Wilding c. 1912
|Full name||Anthony Frederick Wilding|
|Country (sports)||New Zealand|
31 October 1883|
Christchurch, New Zealand
|Died||9 May 1915
|Height||1.87 m (6 ft 2 in)|
|Plays||Right-handed (1-handed backhand)|
|Int. Tennis HoF||1978 (member page)|
|Career record||636–57 (91.7%)|
|Highest ranking||No. 1 (1913, A. Wallis Myers)|
|Grand Slam Singles results|
|Australian Open||W (1906, 1909)|
|Wimbledon||W (1910, 1911, 1912, 1913)|
|WHCC||W (1913, 1914)|
|Grand Slam Doubles results|
|Australian Open||W (1906)|
|Wimbledon||W (1907, 1908, 1910, 1914)|
|Grand Slam Mixed Doubles results|
|Davis Cup||W (1907, 1908, 1909, 1914)|
Anthony "Tony" Frederick Wilding (31 October 1883 – 9 May 1915) was a former world No. 1 tennis player from Christchurch, New Zealand, and a soldier killed in action during World War I. Wilding was the son of wealthy English immigrants to New Zealand and enjoyed the use of private tennis courts at their home. He obtained a legal education at Trinity College, Cambridge and briefly joined his father's law firm. Wilding was a first-class cricketer and a keen motorcycle enthusiast. His tennis career started with him winning the Canterbury Championships aged 17. He developed into a leading tennis player in the world during 1909–1914 and is considered to be a former world No. 1. He won 11 Grand Slam tournament titles, six in singles and five in doubles, and is the first and to date only player from New Zealand to have won a Grand Slam singles title.[a] He also won three ILTF World Championships; the World Hard Court Championships twice and the World Covered Court Championships once.
Wilding won the Davis Cup four times playing for Australasia, and won a bronze medal at the indoor singles tennis event of the 1912 Olympics which made him the first and to date only player from New Zealand to win an Olympic medal in tennis in the Summer Olympics. He still holds a number of all time singles tennis records, namely 75 career clay court titles (1900–15), 23 titles won in a single season (1906) and 114 career outdoor titles (shared with Rod Laver). In his ranking list of greatest tennis players compiled in 1950, Norman Brookes, winner of three Majors and president of the Lawn Tennis Association of Australia, put Wilding in fourth place. Shortly after the outbreak of World War I he enlisted and was killed on 9 May 1915 during the Battle of Aubers Ridge at Neuve-Chapelle, France. In 1978 Wilding was inducted into the International Tennis Hall of Fame.
- 1 Early life
- 2 Tennis career
- 3 Other sports
- 4 Major finals
- 5 Military service and death
- 6 Legacy and honours
- 7 Records
- 8 See also
- 9 Notes
- 10 References
- 11 External links
Wilding was the second of five children of Frederick Wilding and Julia Anthony and was named after both parents. Cora Wilding was a younger sister. Wilding's parents emigrated from Herefordshire, England to Christchurch after their marriage in 1879. His father was a well-to-do lawyer in Christchurch, New Zealand who also played tennis and won several doubles championships of New Zealand. His mother was the daughter of Alderman Charles Anthony, mayor of Hereford.
At their farmlet, situated on the banks of the Heathcote River to the south of the town, they had two tennis courts; one asphalt court for use in the winter and one grass court for summer play. Wilding started playing tennis in 1889, at age six, after receiving a racquet from manufacturer Ralph Slazenger. He was first educated at William Wilson's private school for boys in Cranmer Square, where he was captain of the school football team at age 12. Wilding passed his matriculation in 1901 after failing at his first attempt in 1900. He attended a term at the Canterbury University College for six months prior to departing on his seven-week sea voyage to England in July 1902 where he first stayed at a cramming school at Hunstanton before passing his entrance examination for Trinity College, Cambridge University to study law. There he developed his tennis game as a member of the Cambridge University Lawn Tennis Club. In March 1904, during his second year, he became honorary secretary of the club and managed to popularize the game. He visited the 1903 Wimbledon Championships to see former champion Harold Mahony play. Although Wilding did not excel academically he passed the law examination and graduated B.A. in June 1905 after which he returned to New Zealand to join his father's law practice. Finishing his education, he was called to the English Bar at the Inner Temple in June 1906.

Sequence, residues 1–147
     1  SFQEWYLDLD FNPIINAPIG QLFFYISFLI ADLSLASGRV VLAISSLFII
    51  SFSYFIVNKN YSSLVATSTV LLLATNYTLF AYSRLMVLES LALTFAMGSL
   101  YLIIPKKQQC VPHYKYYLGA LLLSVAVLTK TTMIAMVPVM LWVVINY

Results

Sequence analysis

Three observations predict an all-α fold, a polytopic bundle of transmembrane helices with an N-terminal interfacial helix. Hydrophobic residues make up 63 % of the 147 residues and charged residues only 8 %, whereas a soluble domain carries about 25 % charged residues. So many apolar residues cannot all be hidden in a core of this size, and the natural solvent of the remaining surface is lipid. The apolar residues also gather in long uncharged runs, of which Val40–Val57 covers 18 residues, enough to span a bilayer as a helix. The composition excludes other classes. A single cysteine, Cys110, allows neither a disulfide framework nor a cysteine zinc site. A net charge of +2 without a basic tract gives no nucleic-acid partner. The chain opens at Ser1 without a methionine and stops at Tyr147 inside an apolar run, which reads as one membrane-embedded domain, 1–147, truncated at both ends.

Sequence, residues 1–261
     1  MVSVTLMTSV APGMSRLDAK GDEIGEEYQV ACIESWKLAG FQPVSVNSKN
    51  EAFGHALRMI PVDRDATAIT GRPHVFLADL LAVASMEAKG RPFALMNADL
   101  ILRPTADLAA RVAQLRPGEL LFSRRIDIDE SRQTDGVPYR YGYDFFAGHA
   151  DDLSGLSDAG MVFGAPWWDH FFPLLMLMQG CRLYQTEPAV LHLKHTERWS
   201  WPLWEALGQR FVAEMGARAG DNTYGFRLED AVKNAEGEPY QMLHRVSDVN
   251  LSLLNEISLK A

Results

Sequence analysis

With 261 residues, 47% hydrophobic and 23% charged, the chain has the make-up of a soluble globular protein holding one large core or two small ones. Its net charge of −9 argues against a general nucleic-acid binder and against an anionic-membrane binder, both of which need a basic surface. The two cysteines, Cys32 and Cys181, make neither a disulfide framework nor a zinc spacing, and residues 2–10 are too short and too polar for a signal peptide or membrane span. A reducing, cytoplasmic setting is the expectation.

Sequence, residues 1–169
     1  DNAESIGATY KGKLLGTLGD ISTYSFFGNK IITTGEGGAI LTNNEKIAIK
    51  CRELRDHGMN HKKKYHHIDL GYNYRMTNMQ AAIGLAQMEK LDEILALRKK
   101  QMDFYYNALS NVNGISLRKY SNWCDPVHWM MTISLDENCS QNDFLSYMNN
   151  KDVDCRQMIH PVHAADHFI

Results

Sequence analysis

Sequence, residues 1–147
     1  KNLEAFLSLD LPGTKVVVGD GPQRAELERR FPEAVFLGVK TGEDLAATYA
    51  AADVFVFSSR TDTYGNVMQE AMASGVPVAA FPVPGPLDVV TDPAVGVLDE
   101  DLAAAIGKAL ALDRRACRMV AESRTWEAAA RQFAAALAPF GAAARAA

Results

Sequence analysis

British tournaments and Wimbledon debut
In October 1901 at the age of 17 Wilding won his first singles title at the Canterbury Championships. In July 1903, during his first summer vacation at Trinity College, Wilding entered his first English public tournament at Sheffield and Hallamshire. He reached the semifinal of the singles event, defeating English top-10 player F.W. Payn in the second round, before losing to G.C. Allen. At the 1903 Brighton tournament he won the mixed doubles partnering Dorothea Douglass, the reigning Wimbledon ladies champion. Wilding worked diligently on improving his backhand during the winter of 1903–04.
He made his first appearance at the Wimbledon Championships in June 1904, defeating Albert Prebble in the first round of the singles event before losing to Harold Mahony in four sets. Shortly afterwards, at the Welsh Championships, he reached his first singles final which he lost in straight sets to S.H. Smith. He won his first title in England at the Championships of Shropshire followed by a win at the Thompson Challenge Cup in Redhill; both relatively new and minor events on the tennis circuit. In August 1904 Wilding won the Scottish national championships in Moffat, defeating C.J. Glenny in the final. At his second Wimbledon appearance he came back from two-sets down to defeat William Clothier in the fourth round but lost in the quarterfinal against the experienced Arthur Gore.
Davis Cup debut and first European tour